Getting your foot into the big media doors isn’t always easy. If you write effectively from the onset, you’ve got a much better chance. That’s the reality. Major publications have standards for reading comprehension.

For example, Time Magazine has a median reading level of “grade 7”. This means the average 13 year old can read the magazine and understand the content in it. Reader digest aims for a baseline of around 15 years old.

That’s not to say the content will appeal to those ages, mind you. The basic reading level of your blog and your target audience are not the same things. However, they are symbiotically tied together.

Therefore, I repeat: Reading Ease Ideal.

Cram those three words into your heads. Old veterans in blogging can roughly determine these things on their own. We can do this by sight alone. That takes practice. If you don’t have the skill, learn the skill.

Step 1: Before you start digging into keywords and algorithms, make sure you have a good word processor.

Step 2: Figure out what metric for reading ease that processor uses.

Step 3: Then you decide what sort of content you want to make. Find out the target ages and the reading level of that group. Look at what the reading level is for major publications in your niche. You can google this, for a lot of big industries.

Step 4: Make sure ALL of your posts are within the target metrics.

If you are writing for a relaxed reader, you’d better not be posting university level reading material on your blog. If you are writing to be understood by the average reader, keep that in mind. You should not go above the reading level of the average young teenager. Unless you are writing Reader’s Digest level material, don’t toss around “grade 9” blog posts.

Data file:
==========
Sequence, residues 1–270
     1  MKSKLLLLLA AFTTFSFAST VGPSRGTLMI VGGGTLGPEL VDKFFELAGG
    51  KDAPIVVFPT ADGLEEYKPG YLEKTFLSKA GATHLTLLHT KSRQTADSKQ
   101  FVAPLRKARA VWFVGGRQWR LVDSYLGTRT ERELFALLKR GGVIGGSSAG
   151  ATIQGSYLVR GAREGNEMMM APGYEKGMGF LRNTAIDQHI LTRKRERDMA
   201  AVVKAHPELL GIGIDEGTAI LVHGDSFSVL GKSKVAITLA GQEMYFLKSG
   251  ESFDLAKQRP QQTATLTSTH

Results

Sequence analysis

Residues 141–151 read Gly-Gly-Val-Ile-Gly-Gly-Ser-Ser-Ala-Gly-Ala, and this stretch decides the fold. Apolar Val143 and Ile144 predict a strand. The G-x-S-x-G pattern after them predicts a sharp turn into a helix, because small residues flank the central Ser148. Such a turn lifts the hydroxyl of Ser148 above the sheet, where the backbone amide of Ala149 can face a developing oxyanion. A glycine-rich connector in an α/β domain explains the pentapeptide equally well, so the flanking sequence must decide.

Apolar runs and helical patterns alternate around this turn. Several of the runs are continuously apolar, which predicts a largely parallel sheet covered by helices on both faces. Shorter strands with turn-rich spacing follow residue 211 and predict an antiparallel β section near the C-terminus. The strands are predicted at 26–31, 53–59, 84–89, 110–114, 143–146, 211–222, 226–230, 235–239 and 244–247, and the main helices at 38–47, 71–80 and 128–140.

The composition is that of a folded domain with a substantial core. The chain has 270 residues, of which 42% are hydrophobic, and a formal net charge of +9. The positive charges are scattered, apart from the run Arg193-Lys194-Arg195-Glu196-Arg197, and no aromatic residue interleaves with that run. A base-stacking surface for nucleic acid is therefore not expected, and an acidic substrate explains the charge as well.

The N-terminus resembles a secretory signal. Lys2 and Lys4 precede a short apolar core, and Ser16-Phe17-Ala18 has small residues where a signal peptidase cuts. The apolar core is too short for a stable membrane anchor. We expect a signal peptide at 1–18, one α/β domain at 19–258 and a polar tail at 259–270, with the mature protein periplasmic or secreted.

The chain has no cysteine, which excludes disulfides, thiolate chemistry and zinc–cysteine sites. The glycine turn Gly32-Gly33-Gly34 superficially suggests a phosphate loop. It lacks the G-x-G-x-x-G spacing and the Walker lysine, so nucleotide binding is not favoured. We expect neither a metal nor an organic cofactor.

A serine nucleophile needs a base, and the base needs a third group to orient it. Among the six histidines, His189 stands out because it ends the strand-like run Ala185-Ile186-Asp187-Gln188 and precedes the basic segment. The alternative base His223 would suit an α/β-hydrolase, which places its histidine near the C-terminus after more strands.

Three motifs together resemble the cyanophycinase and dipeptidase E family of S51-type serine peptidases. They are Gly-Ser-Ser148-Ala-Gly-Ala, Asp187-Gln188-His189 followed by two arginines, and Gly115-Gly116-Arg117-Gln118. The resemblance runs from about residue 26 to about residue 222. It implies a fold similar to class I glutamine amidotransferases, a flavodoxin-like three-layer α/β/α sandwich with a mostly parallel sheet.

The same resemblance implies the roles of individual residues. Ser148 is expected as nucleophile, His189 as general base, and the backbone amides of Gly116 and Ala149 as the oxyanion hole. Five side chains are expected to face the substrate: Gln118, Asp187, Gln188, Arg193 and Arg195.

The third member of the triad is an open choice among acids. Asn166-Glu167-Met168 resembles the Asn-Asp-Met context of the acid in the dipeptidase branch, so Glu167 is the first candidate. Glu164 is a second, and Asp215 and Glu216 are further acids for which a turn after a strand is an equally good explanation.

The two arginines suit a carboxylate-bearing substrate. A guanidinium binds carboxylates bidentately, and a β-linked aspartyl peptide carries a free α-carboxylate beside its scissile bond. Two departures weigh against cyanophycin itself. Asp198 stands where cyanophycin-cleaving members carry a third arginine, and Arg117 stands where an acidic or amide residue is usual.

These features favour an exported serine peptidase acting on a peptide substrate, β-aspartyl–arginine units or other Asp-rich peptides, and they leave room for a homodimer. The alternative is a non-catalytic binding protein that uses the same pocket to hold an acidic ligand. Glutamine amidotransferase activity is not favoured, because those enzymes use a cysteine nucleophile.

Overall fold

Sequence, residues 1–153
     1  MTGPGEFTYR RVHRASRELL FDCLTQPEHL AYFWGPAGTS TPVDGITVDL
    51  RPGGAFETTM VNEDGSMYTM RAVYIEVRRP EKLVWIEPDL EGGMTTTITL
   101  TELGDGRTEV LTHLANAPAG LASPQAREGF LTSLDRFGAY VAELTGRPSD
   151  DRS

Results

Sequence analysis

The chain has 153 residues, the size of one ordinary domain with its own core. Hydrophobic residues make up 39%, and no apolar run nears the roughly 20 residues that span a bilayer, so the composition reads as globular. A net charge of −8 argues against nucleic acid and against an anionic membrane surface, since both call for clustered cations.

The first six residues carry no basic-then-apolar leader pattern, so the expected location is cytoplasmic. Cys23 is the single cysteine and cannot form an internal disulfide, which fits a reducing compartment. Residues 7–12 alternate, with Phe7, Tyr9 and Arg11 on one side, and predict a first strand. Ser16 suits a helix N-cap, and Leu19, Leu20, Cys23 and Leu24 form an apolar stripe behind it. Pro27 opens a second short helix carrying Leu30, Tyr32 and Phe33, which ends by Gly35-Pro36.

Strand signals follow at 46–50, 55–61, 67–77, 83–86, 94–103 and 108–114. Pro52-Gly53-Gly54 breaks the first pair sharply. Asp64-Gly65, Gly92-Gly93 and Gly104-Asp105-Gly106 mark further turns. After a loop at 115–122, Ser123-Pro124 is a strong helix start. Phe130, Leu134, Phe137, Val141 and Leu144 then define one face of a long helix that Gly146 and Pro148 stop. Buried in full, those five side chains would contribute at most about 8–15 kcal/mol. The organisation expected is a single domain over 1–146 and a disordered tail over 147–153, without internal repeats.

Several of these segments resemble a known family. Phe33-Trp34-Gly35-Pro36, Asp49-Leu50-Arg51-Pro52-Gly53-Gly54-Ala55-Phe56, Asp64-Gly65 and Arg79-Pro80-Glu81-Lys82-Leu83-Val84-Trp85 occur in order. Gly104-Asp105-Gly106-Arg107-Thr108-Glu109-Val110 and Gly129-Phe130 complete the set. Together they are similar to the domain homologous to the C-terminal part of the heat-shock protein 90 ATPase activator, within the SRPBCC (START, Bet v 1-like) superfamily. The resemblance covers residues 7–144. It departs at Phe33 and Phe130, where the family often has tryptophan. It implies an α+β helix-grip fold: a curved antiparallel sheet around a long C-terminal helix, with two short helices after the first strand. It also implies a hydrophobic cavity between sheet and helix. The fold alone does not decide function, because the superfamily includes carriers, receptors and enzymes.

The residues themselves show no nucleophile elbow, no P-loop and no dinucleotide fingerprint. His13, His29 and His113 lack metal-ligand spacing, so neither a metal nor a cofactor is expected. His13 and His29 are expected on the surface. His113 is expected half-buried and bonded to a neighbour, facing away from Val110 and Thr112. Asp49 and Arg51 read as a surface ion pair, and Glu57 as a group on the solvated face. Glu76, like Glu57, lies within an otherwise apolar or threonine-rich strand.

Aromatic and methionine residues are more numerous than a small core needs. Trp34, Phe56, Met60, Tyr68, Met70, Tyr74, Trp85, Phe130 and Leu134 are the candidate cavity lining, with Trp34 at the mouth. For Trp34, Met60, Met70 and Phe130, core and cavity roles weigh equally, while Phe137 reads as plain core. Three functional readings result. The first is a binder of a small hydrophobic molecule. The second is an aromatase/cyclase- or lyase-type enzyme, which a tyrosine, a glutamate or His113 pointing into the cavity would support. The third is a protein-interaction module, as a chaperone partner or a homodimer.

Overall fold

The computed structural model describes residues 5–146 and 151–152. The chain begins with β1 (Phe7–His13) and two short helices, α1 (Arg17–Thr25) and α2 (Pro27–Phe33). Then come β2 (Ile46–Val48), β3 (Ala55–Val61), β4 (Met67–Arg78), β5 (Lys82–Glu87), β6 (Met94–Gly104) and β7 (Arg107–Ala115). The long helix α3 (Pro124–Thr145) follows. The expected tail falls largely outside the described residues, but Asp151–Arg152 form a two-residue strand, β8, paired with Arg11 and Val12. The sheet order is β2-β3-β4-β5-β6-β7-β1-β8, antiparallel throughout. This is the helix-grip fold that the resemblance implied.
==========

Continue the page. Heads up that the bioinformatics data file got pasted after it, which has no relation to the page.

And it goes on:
The lesson here: write for your readers.

That is the most important detail. Do not deviate from that mindset as a newbie. If you do, your posts feel inconsistent and sloppy. During your editing phase, edit to suit your target demographic directly. How educated is that group? Does your post meet the reading ease required for that group?

Figure that out before you post.

Once you start doing this, you’ll be a better blogger. I say this because it is resoundingly true. Every blogger making the big bucks, knows this is true. Middling bloggers like myself, wishing to compete with the pros, learns this is true.

It will help to improve your SEO rankings. You will have a much easier time defining your keywords later on. If you found this helpful, follow me here on Medium. You’ll be getting more tips and tricks like this soon enough.

I’ll leave you with my scores for this blog post. That way you’ll know I’m not feeding you a bunch of nonsense:

Readability Consensus
Based on (7) readability formulas, we have scored your text:
Grade Level: 5
Reading Level: easy to read.
Reader’s Age: 8–9 yrs. old (Fourth and Fifth graders)

After Post:

See what I mean? A child could read this post if they wanted. It’s not aimed at them, but that doesn’t rightly matter. I just wrote it and tossed it. Sure there may be spelling errors, I’m not going to edit this stupid thing. It isn’t because I don’t care. I just wanted to prove a point, reading ease matters. If you can do it by sight alone, you’re a step ahead of the game.

Follow me for more content, you’ll be glad you did.